Reference : Vitamin D, cardiovascular disease and mortality
Scientific journals : Article
Human health sciences : Laboratory medicine & medical technology
http://hdl.handle.net/2268/94348
Vitamin D, cardiovascular disease and mortality
English
Pilz, Stefan [ > > ]
Tomaschitz, Andreas [ > > ]
März, Winfried [ > > ]
Drechsler, Christiane [ > > ]
Ritz, Eberhard [ > > ]
Zittermann, Armin [ > > ]
CAVALIER, Etienne mailto [Centre Hospitalier Universitaire de Liège - CHU > > Chimie médicale >]
Pieber, Thomas [ > > ]
Lappe, Joan [ > > ]
Grant, William [ > > ]
Holick, Michael [ > > ]
Dekker, Jacquelin [ > > ]
Nov-2011
Clinical Endocrinology
Blackwell Publishing
75
5
575-84
Yes (verified by ORBi)
International
0300-0664
1365-2265
Oxford
United Kingdom
[en] vitamin D ; atherosclerosis ; recommandations ; prospective ; intervention
[en] A poor vitamin D status, i.e. low serum levels of 25-hydroxyvitamin D (25[OH]D), is common
in the general population. This finding is of concern not only because of the classic vitamin D
effects on musculoskeletal outcomes, but also because expression of the vitamin D receptor
(VDR) and vitamin D metabolizing enzymes in the heart and blood vessels suggests a role of
vitamin D in the cardiovascular system. VDR-knockout mice suffer from cardiovascular disease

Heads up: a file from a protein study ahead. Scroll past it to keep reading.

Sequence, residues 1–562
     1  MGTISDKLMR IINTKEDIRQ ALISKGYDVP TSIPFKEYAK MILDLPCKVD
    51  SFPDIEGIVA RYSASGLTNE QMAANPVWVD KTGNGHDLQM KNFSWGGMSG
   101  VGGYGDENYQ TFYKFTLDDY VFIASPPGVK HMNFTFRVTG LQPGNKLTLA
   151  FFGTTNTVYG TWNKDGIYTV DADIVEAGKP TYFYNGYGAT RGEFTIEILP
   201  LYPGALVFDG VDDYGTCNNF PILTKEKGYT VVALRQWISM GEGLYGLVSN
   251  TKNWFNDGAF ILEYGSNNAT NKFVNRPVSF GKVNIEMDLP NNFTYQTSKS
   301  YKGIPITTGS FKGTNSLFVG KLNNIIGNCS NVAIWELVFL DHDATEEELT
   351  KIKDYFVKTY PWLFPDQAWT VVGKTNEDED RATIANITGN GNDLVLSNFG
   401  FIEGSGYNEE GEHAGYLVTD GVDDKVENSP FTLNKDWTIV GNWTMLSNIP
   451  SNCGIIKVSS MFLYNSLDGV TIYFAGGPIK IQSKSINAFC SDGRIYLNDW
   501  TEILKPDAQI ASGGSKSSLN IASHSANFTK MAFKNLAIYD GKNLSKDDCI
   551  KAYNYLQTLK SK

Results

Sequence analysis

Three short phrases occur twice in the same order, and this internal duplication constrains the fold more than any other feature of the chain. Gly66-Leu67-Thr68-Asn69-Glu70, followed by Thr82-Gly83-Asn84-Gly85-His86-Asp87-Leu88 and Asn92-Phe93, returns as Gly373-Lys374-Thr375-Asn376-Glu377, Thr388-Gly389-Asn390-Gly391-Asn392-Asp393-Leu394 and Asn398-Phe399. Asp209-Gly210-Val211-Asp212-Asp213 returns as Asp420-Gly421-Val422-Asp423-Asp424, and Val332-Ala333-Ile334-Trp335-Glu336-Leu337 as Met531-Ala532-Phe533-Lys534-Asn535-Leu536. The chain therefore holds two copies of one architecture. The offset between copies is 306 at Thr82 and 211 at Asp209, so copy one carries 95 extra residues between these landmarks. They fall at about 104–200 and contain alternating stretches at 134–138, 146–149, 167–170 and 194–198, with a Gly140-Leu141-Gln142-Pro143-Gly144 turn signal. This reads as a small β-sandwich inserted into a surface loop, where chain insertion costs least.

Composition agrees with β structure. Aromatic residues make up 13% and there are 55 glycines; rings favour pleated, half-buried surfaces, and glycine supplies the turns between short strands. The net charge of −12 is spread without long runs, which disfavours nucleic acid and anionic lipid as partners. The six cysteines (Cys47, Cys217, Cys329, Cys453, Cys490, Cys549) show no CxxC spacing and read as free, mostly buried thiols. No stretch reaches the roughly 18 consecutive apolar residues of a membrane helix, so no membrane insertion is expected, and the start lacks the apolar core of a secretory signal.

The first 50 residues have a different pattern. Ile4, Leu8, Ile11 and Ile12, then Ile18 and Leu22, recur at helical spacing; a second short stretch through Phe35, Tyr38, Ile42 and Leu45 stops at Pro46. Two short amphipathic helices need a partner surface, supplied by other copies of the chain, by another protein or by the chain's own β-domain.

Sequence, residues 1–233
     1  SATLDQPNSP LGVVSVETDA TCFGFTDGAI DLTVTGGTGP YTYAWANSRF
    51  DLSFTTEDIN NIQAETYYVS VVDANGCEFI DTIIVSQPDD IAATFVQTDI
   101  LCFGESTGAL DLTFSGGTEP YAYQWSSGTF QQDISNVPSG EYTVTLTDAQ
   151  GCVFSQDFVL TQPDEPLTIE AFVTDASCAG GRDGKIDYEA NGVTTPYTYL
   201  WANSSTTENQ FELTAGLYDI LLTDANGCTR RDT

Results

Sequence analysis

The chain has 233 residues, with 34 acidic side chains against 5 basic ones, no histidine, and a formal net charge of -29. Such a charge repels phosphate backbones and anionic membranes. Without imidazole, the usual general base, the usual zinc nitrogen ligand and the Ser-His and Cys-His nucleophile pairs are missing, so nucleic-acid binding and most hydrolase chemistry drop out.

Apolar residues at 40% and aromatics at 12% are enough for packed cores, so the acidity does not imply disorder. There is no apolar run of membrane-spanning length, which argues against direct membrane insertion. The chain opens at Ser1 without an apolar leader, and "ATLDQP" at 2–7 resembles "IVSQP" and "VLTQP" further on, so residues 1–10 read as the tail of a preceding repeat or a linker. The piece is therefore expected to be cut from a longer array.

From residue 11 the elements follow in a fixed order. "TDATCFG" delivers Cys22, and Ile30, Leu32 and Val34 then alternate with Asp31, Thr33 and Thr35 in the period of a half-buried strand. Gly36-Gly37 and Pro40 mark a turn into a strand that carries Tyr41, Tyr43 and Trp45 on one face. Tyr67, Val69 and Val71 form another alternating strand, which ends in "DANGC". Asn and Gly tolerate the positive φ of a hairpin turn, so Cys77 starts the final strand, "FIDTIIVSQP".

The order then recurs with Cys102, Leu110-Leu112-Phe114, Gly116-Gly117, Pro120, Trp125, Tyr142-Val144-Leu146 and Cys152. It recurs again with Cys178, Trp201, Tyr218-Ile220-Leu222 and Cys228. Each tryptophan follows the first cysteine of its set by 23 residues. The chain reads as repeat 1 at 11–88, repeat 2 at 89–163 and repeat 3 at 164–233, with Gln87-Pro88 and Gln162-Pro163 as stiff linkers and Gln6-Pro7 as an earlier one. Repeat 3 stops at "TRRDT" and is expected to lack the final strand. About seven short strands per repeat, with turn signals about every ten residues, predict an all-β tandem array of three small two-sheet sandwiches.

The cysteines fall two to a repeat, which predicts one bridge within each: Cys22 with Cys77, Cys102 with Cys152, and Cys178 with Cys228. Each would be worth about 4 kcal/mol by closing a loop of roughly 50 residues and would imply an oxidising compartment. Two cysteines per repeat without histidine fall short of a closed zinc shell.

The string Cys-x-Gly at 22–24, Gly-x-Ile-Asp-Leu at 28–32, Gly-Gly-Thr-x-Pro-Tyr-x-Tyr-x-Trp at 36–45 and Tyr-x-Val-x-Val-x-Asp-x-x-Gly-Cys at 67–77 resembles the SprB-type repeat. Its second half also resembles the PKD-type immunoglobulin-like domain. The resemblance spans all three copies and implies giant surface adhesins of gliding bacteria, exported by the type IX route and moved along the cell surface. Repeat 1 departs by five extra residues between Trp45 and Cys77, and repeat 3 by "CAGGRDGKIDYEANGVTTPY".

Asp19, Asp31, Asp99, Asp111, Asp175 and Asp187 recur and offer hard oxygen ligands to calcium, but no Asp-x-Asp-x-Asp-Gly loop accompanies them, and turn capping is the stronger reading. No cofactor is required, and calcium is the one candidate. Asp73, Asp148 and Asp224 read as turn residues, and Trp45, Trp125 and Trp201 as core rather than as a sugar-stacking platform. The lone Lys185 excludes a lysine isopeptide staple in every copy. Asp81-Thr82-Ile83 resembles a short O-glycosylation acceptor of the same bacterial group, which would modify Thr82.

(CVD) and various experimental studies suggest cardiovascular-protection by vitamin D,
including anti-atherosclerotic, anti-inflammatory and direct cardio-protective actions, beneficial
effects on classic cardiovascular risk factors as well as suppression of parathyroid hormone
(PTH) levels. In epidemiological studies, low levels of 25(OH)D are associated with increased
risk of CVD and mortality. Data from randomized controlled trials (RCTs) are sparse and have
partially, but not consistently, shown some beneficial effects of vitamin D supplementation on
cardiovascular risk factors (e.g. arterial hypertension). We have insufficient data on vitamin D
effects on cardiovascular events, but meta-analyses of RCTs indicate that vitamin D may
modestly reduce all-cause mortality. Despite accumulating data suggesting that a sufficient
vitamin D status may protect against CVD, we still must wait for results of large-scale RCTs
before raising general recommendations for vitamin D in the prevention and treatment of CVD.
In current clinical practice the overall risks and costs of vitamin D supplementation should be
weighed against the potential adverse consequences of untreated vitamin D deficiency
http://hdl.handle.net/2268/94348
10.1111/j.1365-2265.2011.04147.x

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